In their report, the alliance and the Greater Boston Chamber of Commerce recommend several steps they say would help ensure state education aid funding reaches the students who need it most.
They suggest phasing out the minimum aid funding increase for districts whose state aid would otherwise not go up, and the "hold harmless" provision that guarantees districts receive at least as much Chapter 70 money as the year before, even if their foundation budgets decrease.
A school district's foundation budget consists of both state aid and a local contribution. The report recommends increasing the maximum required local contribution for wealthy communities, and eliminating "below-effort aid" for municipalities that can fund 125 percent or more of their foundation budget from local contributions.
"An equitable economic recovery from the COVID-19 pandemic requires greater attention to how the state leverages and targets its limited resources," Greater Boston Chamber President and CEO James Rooney said in a statement. "Our priority rests with ensuring every student can access a quality education and that we continue to make headway toward closing achievement gaps. The economic future of these students and the state depend on it."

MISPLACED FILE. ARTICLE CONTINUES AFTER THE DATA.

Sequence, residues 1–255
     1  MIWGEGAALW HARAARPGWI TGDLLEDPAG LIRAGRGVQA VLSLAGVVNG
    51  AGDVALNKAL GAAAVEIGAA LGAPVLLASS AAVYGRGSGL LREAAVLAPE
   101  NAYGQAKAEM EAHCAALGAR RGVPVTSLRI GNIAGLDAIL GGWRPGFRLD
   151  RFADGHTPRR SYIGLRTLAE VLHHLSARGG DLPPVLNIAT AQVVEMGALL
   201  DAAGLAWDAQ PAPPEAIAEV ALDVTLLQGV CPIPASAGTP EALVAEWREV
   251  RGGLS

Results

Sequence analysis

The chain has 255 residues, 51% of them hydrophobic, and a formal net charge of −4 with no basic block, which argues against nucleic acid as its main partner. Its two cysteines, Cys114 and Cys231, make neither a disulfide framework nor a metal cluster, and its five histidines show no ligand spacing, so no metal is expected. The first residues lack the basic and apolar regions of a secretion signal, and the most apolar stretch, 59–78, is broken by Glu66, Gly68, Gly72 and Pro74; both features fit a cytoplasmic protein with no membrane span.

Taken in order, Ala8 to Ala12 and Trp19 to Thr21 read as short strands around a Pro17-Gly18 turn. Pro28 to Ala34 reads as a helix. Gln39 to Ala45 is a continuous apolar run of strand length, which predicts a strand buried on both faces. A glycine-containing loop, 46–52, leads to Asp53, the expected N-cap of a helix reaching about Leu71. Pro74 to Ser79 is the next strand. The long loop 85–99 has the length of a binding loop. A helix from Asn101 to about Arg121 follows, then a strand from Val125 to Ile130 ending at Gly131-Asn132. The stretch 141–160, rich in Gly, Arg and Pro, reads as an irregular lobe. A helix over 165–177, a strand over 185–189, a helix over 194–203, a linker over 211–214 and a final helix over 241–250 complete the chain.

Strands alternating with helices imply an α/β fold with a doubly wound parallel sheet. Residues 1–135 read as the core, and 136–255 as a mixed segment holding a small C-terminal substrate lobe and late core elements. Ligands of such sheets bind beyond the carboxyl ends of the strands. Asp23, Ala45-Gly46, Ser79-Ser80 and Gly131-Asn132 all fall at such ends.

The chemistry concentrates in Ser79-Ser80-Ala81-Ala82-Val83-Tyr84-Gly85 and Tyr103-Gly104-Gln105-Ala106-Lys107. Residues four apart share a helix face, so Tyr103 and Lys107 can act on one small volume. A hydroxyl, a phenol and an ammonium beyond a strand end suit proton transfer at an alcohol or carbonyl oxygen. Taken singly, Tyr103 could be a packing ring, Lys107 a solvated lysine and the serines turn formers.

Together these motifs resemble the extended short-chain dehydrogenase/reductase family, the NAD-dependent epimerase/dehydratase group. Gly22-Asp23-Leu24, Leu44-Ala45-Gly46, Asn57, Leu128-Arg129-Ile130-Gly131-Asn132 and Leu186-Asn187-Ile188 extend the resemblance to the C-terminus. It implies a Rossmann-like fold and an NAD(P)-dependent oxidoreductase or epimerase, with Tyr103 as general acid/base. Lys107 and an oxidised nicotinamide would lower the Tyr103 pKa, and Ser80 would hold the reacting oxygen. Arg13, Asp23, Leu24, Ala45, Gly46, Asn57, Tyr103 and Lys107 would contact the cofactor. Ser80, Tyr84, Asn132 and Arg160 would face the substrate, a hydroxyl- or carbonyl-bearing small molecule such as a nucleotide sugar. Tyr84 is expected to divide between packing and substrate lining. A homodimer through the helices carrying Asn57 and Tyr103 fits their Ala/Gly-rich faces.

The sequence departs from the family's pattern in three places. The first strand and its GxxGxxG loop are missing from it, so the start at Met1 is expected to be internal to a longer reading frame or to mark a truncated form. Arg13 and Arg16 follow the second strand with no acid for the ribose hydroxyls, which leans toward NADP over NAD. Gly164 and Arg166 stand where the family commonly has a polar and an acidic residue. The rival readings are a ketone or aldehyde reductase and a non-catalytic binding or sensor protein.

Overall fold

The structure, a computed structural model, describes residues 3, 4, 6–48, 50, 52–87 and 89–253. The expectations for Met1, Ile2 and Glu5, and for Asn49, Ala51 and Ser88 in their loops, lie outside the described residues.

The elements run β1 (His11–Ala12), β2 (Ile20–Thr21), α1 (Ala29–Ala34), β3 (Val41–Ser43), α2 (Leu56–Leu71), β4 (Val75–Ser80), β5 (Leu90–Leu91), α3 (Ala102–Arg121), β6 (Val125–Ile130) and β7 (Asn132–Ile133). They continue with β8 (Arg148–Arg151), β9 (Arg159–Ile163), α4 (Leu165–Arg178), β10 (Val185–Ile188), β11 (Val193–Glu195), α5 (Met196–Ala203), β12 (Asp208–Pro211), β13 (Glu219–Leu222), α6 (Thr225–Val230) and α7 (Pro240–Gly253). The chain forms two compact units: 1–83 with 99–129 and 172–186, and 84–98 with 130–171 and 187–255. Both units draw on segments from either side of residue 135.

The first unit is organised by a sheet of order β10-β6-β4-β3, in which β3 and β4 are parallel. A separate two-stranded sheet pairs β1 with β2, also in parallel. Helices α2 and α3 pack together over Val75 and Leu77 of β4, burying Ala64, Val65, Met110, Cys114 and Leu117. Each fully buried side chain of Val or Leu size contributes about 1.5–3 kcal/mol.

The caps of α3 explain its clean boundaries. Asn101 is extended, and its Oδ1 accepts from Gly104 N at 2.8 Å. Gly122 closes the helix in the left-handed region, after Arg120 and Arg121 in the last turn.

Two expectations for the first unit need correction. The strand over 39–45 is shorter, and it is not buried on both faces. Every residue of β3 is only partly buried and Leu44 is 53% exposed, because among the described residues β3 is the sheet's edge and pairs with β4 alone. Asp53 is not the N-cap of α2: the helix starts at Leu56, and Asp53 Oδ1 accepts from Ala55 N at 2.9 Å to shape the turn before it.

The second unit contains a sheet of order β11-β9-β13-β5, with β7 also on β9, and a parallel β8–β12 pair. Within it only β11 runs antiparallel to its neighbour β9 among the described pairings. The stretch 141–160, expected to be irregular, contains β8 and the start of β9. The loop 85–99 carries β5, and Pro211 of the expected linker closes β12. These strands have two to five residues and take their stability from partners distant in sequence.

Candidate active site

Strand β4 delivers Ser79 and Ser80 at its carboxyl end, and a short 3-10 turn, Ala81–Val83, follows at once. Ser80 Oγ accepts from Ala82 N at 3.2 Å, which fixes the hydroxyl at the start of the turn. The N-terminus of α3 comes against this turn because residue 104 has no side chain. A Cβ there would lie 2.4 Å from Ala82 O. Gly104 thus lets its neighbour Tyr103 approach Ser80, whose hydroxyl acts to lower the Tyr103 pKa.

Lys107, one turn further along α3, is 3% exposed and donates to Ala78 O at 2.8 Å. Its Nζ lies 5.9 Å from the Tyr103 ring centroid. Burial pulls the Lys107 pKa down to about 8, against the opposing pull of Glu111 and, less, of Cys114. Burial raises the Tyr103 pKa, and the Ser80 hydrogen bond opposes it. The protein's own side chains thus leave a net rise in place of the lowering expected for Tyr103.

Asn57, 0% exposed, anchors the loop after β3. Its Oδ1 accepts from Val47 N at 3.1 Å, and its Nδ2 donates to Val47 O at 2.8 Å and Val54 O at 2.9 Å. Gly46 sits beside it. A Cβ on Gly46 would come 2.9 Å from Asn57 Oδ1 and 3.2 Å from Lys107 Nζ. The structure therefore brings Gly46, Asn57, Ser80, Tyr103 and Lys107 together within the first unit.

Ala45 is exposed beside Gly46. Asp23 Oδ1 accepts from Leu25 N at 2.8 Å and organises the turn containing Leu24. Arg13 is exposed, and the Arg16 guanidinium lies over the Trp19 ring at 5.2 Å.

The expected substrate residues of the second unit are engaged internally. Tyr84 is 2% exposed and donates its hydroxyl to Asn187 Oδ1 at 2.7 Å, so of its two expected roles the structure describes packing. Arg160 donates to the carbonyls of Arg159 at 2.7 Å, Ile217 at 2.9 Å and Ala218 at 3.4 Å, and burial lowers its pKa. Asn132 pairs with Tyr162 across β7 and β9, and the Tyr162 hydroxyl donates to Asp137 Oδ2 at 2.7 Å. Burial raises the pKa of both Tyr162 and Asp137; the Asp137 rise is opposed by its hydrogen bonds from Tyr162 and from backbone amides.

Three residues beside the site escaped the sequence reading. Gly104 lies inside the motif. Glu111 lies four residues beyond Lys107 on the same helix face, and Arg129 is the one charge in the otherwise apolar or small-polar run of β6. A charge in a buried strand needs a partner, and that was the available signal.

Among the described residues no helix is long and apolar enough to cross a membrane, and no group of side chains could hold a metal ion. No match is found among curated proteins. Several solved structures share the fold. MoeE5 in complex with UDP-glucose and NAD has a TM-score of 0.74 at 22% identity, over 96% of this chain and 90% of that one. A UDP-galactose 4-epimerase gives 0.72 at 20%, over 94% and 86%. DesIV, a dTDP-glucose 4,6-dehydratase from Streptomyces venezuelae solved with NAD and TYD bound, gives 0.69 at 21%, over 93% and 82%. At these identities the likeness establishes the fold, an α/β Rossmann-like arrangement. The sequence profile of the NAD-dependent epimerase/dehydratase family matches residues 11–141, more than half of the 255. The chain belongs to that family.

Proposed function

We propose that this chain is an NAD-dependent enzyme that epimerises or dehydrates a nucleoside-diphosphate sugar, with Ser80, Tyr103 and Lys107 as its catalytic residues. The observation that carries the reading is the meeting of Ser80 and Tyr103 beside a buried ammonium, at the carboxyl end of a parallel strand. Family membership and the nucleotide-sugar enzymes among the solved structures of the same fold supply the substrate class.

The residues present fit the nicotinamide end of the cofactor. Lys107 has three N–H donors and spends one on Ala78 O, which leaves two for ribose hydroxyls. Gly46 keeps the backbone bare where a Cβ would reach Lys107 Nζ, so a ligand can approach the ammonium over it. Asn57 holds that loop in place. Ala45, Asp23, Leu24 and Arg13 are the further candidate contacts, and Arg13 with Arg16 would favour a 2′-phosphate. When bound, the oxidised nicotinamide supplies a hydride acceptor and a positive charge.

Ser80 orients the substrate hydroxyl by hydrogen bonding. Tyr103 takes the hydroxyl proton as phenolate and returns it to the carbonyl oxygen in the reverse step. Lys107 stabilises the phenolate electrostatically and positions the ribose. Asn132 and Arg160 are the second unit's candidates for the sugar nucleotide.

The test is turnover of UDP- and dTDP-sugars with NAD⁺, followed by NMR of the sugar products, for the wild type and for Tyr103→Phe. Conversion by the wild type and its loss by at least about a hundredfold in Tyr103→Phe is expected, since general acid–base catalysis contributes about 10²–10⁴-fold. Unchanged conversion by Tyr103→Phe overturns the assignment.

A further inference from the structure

In 2015, a state commission that had been reviewing the school funding formula reported that its starting point, known as the foundation budget, underestimated the cost of education by $1 billion annually by inadequately accounting for costs associated with employee health care, special education and teaching low-income students and English learners.
It took lawmakers four years to agree on and pass legislation implementing changes the commission recommended, and authors of the final version of the bill touted the fact that it would benefit all school districts.
Baker signed the law, the Student Opportunity Act, in November 2019. It called for a new investment of $1.5 billion in K-12 public education over seven years, intended to start this year.